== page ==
User surveys are low effort for both the creator and the subject and can be done with frequency. Surveys help create a continuous feedback loop and show to the users that you care about their input.

Considerations?

User surveys can feel impersonal and cold, which can garner more honest feedback and requirements. However, they will not create strong personal relationships between the teams.

 

Shadowing

The second technique Will used was Shadowing.

What is it?

Immersion in the users’ journey.

How is it done?

Involves engineers (DevOps) observing users (Software Engineers).

The DevOps engineers will observe the software engineers while they use the platforms’ tools. The observers take notes and ask questions when required while taking into account the observer effect.

Why is it used?

Shadowing makes the pain points of the tools and processes visible and fosters relationships between individuals.

Considerations?

Adds a personal dimension to the feedback gathering process.

It can take more effort to use than user surveys. However, it can also increase collaboration by establishing or improving personal relationships between teams and individuals. It requires coordination between individuals, and remote shadowing can lower the usefulness of the technique.

 

Idea Generation

The third technique Will used was Idea Generation.

What is it?

A brainstorming session with plenty of post-it notes that includes software and DevOps engineers. Engineers generate ideas to solve the problem at hand. The objective is to generate a solution that the platforms teams can implement to solve a problem experienced by the product teams.

Idea generation techniques can be used to structure and inspire the participants. Some of the techniques include Mind-mapping, S.W.O.T analysis, and Six Thinking Hats.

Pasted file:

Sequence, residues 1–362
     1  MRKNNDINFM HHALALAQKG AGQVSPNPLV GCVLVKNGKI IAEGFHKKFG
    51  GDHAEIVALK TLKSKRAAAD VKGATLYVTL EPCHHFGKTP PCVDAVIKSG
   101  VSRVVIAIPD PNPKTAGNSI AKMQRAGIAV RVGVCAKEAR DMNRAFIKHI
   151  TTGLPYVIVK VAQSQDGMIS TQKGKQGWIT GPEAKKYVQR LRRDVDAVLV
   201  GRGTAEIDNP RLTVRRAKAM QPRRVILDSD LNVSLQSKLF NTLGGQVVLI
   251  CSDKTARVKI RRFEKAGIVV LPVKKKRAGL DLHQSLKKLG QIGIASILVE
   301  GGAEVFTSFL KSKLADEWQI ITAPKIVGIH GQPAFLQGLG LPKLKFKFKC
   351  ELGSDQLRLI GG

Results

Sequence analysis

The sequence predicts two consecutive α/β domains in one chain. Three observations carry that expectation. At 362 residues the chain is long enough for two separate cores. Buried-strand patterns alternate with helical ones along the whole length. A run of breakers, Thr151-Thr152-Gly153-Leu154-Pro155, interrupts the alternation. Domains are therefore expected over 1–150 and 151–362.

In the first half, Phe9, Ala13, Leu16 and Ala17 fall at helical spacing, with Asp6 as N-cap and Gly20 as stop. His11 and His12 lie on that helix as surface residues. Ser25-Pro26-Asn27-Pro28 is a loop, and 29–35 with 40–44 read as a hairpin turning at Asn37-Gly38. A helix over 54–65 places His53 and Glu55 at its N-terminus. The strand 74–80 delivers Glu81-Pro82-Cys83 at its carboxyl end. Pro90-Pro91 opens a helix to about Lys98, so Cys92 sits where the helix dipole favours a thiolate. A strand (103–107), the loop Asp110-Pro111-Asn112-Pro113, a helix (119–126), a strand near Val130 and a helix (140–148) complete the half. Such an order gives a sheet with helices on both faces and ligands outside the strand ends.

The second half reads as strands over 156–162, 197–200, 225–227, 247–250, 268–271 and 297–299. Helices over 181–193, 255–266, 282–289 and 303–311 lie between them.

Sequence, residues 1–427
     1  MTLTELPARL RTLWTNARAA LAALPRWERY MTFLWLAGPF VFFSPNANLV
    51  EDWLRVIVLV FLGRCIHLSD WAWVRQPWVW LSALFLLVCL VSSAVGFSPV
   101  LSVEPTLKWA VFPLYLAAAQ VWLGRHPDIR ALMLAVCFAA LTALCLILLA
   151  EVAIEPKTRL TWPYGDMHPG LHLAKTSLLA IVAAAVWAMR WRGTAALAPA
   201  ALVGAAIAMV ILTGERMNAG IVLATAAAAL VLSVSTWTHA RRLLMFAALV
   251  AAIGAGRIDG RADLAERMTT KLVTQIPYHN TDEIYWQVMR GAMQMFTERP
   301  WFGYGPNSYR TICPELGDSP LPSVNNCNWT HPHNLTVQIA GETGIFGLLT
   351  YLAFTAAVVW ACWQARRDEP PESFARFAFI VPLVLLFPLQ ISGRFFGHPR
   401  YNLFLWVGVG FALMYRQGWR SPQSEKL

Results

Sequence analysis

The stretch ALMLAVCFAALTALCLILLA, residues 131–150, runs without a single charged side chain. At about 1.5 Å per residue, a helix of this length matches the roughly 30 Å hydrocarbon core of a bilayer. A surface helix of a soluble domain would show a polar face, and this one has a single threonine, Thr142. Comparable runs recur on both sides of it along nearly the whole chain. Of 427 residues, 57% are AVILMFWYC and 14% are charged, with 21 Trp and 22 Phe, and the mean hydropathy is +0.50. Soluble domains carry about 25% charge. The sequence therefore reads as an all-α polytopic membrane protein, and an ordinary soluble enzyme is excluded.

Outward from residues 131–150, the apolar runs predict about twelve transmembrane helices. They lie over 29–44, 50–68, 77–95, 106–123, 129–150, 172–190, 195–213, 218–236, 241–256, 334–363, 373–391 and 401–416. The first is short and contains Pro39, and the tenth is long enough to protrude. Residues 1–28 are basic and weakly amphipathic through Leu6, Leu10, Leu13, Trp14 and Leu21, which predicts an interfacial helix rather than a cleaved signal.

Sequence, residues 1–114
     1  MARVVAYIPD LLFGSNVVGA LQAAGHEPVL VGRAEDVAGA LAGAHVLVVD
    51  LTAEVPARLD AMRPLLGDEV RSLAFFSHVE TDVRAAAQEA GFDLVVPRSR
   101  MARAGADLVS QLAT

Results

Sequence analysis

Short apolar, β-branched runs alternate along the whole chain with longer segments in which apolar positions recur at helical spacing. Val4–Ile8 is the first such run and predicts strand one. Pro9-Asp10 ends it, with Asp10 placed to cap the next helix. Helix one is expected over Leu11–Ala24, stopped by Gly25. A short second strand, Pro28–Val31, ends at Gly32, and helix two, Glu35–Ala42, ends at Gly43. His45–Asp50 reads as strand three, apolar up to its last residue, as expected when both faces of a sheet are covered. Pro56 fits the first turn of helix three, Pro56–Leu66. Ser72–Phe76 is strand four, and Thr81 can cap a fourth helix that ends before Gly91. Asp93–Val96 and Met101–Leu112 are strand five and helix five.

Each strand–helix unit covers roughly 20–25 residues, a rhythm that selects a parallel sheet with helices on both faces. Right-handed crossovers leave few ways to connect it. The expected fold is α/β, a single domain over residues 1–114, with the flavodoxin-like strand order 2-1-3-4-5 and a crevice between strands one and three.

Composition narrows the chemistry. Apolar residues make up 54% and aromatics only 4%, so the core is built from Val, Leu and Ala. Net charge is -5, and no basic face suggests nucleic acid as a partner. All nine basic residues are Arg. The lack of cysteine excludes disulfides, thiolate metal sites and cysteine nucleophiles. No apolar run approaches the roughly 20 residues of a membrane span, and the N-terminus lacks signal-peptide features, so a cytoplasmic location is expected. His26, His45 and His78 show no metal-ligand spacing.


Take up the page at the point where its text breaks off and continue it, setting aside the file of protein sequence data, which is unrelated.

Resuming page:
How is it done?

Invite representatives of all involved parties, have post-its ready, and select an idea generation technique.

After gathering enough ideas, spend time pruning and consolidating them. The organiser, or assigned person, will take action and next steps to develop the ideas generated.

Why is it used?

There are several benefits: a broader set of solutions, ice-breakers between teams, deep user understanding, increased collaboration, and relationship building.

Concerns?

Idea generation can be the more powerful technique to use in terms of enabling collaboration, but it is also the riskier one and the technique that requires more effort to use. The session must be conducted in some order and produce an actionable output that will be considered when creating the solution.

 

Now you have two techniques you can use straight away to start fostering collaboration between teams, User Surveys and Shadowing, and one that can bring it to the next level, Idea Generation.

To finish, I’d like to recommend the following book. It contains the above and many more techniques, case studies, and resources that you can use to think about user involvement when creating your platform services: This is service design thinking.

 

Article written by Isaac Perez Moncho, Head Of Infrastructure at Lending Works